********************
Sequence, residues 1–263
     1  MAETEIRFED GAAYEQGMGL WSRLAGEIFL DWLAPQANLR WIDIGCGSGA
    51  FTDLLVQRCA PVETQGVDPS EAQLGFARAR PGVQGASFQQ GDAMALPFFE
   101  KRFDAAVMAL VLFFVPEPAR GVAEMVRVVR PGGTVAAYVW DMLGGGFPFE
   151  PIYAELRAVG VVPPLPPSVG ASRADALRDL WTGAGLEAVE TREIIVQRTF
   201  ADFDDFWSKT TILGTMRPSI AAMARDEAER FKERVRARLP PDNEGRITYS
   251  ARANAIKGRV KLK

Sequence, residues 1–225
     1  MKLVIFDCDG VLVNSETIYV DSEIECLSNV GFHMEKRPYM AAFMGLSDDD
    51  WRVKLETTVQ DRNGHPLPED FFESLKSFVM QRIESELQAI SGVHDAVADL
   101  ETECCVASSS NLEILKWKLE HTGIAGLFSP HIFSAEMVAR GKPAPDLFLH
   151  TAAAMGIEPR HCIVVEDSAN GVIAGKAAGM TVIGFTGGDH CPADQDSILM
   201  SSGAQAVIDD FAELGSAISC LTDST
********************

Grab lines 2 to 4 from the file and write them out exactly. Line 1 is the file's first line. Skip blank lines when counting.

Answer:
     1  MAETEIRFED GAAYEQGMGL WSRLAGEIFL DWLAPQANLR WIDIGCGSGA
    51  FTDLLVQRCA PVETQGVDPS EAQLGFARAR PGVQGASFQQ GDAMALPFFE
   101  KRFDAAVMAL VLFFVPEPAR GVAEMVRVVR PGGTVAAYVW DMLGGGFPFE